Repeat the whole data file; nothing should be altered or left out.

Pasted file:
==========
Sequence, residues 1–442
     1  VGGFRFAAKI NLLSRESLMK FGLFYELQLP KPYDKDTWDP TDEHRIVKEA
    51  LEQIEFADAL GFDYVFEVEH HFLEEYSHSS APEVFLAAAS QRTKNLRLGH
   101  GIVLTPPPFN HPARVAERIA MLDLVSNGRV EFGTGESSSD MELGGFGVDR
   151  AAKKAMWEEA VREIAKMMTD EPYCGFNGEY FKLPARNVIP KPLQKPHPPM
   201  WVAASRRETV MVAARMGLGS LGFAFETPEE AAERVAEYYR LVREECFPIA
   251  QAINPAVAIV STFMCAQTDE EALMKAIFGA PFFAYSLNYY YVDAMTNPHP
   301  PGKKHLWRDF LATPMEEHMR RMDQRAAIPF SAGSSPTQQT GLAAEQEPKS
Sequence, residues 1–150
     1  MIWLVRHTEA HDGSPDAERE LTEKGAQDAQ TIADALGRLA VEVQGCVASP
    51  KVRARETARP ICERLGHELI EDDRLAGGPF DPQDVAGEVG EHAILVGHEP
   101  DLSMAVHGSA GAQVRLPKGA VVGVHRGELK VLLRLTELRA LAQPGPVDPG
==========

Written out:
Sequence, residues 1–442
     1  VGGFRFAAKI NLLSRESLMK FGLFYELQLP KPYDKDTWDP TDEHRIVKEA
    51  LEQIEFADAL GFDYVFEVEH HFLEEYSHSS APEVFLAAAS QRTKNLRLGH
   101  GIVLTPPPFN HPARVAERIA MLDLVSNGRV EFGTGESSSD MELGGFGVDR
   151  AAKKAMWEEA VREIAKMMTD EPYCGFNGEY FKLPARNVIP KPLQKPHPPM
   201  WVAASRRETV MVAARMGLGS LGFAFETPEE AAERVAEYYR LVREECFPIA
   251  QAINPAVAIV STFMCAQTDE EALMKAIFGA PFFAYSLNYY YVDAMTNPHP
   301  PGKKHLWRDF LATPMEEHMR RMDQRAAIPF SAGSSPTQQT GLAAEQEPKS
Sequence, residues 1–150
     1  MIWLVRHTEA HDGSPDAERE LTEKGAQDAQ TIADALGRLA VEVQGCVASP
    51  KVRARETARP ICERLGHELI EDDRLAGGPF DPQDVAGEVG EHAILVGHEP
   101  DLSMAVHGSA GAQVRLPKGA VVGVHRGELK VLLRLTELRA LAQPGPVDPG